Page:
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Help please (German question)

I am an English speaker doing the reverse tree.

I translated 'He has felt something' with 'Er hat sich etwas gefühlt' - but it was not accepted.

Can a German speaker please explain to me what is wrong with this translation - and what would be correct.

Thank you.

February 27, 2018



To add to the comments saying you don't need the reflexive "sich": Try using "sense" instead of "feel". If it's still a gramatically correct sentence, you don't need the "sich". For example:

She feels the rain. - She senses the rain? Yes, that's a similar sentence - no "sich" needed: Sie fühlt den Regen.

She feels threatened. - She senses threatened? No, that's a weird sentence. So now use "sich": Sie fühlt sich bedroht.

Roughly speaking: "sich fühlen" = "to feel like in a certain state of mind or body Ex.: sich krank fühlen - to feel like in a sick state

"etwas fühlen" = to feel a thing, like "the sun" or "my foot aching"


The reflexive sich is wrong.

Er hat etwas gefühlt. He feels something (wrong/good/strange/present) in the room/around/in an emotion etc. .

You would say: Er hat sich krank gefühlt (He felt sick - he himself felt like he is sick) for an example where you use the reflexive sich .

But even when, in your example, he e.g. felt something inside his own body (like a gargling in his belly) you wouldn't use the sich either because he just feels it.

[deactivated user]

    I don't think you need the reflexive pronoun. I'm not sure how to translate it into English with the reflexive pronoun. If you want to say, for example, he felt sad, then Er hat sich traurig gefült.


    The English is ambiguous. It could mean he has felt something with his fingers, or it could mean he felt a emotion . With no context, DUO should accept both (sich or no sich).


    No, Duo shouldn't, because "Er hat sich etwas gefühlt" doesn't work even if you're thinking of "Er hat sich krank oder gut oder stolz gefühlt". You might say, "Er hat sich irgendwie gefühlt" ("He felt [himself to be in] some way [e.g. sick or proud, but I don't know which, I just know he had some sort of emotion]", but of course you normally wouldn't have an opportunity to say this.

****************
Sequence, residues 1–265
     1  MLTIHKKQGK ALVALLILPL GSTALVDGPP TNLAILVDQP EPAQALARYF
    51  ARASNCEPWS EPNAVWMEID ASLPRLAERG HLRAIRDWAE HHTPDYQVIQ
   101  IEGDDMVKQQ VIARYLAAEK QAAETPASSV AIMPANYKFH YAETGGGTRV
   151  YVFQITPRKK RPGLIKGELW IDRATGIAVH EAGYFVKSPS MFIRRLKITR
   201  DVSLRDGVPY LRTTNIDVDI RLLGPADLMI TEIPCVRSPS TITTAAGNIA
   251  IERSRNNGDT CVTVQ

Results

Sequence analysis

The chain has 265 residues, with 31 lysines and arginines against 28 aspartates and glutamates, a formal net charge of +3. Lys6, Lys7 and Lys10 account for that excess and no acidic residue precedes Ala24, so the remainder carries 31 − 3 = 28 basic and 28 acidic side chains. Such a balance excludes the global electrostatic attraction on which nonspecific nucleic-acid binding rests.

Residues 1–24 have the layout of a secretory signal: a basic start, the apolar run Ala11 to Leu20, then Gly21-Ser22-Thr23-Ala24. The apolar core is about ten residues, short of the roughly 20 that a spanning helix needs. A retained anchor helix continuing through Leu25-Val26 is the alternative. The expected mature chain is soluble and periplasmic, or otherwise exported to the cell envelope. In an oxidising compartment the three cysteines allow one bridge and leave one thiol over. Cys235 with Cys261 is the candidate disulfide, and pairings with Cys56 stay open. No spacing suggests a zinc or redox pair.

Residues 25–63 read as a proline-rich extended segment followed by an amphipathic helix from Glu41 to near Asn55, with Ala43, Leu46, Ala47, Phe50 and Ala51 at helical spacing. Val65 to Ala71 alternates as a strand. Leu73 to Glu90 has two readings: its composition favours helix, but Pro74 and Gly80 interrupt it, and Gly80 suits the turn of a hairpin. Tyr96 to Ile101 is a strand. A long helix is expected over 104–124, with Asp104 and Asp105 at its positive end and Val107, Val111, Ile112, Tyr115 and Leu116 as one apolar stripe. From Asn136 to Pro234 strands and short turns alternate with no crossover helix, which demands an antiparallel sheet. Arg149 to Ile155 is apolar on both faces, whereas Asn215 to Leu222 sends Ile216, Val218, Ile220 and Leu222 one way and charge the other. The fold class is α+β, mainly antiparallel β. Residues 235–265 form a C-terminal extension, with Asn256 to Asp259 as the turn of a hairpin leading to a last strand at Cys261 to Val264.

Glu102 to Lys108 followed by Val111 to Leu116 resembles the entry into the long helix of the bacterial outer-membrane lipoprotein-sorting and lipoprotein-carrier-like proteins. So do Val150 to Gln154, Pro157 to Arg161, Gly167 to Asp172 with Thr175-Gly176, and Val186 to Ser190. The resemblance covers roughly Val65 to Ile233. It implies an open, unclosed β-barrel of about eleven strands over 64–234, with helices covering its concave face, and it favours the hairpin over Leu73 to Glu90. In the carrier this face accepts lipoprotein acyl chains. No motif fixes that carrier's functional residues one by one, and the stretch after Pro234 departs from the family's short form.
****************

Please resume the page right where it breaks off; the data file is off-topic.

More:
Maybe you're thinking of e.g. "Er hat sich etwas krank gefühlt" = "He was feeling a bit sick", but "etwas" is conjoined with the adjective here: Wie hat er sich gefühlt? How was he feeling? - "etwas krank", "a bit sick". Again, "Er hat sich etwas gefühlt" doesn't work without the adjective, because "He was feeling a bit" might be a valid English sentence, but then "a bit" (without an adjective) stands on its own and would translate as e.g. "Er hat ein bisschen was gefühlt" (e.g. when the needle pierced his skin, but it didn't actually hurt). Or "He felt something" = "Er hat etwas gefühlt" again (as opposed to "he didn't feel anything" e.g. when the doctor touched his toe to see if it's frozen / properly anesthesised).


    Thanks. I had wrongly assumed that it might work as an answer to a question like: did he feel anything for her? I have now updated my notes.


    You can say "Er hat etwas [für sie] empfunden" in that context; "gefühlt" wouldn't really work there. I'd say that "empfinden" = "to have feelings/emotions, to perceive"; it's also used e.g. for "[No, I don't hate you, Mr Villain.] Ich empfinde Mitleid für Sie [because you're actually more pathetic than you are evil]" (literally: "I feel pity for you"), "Ich empfinde das als eine Beleidigung" ("I perceive this as an insult, I am feeling offended by this").

    (And yet another word in this vein would be "spüren" = mostly "to sense", e.g. the wind on your face, the presence of a ghost in the room, nothing when touching a broken electric fence. There's also "verspüren", which is rarely used, for the most part used with a few specific words, and rather formal: "Ich verspüre den Wunsch / den Drang, das zu tun" = "I feel a desire / an urge to do this")

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